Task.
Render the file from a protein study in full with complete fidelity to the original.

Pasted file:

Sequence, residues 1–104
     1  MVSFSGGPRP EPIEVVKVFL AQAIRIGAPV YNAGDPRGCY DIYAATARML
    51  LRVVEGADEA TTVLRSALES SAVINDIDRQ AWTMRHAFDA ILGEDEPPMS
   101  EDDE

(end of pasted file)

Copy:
Sequence, residues 1–104
     1  MVSFSGGPRP EPIEVVKVFL AQAIRIGAPV YNAGDPRGCY DIYAATARML
    51  LRVVEGADEA TTVLRSALES SAVINDIDRQ AWTMRHAFDA ILGEDEPPMS
   101  EDDE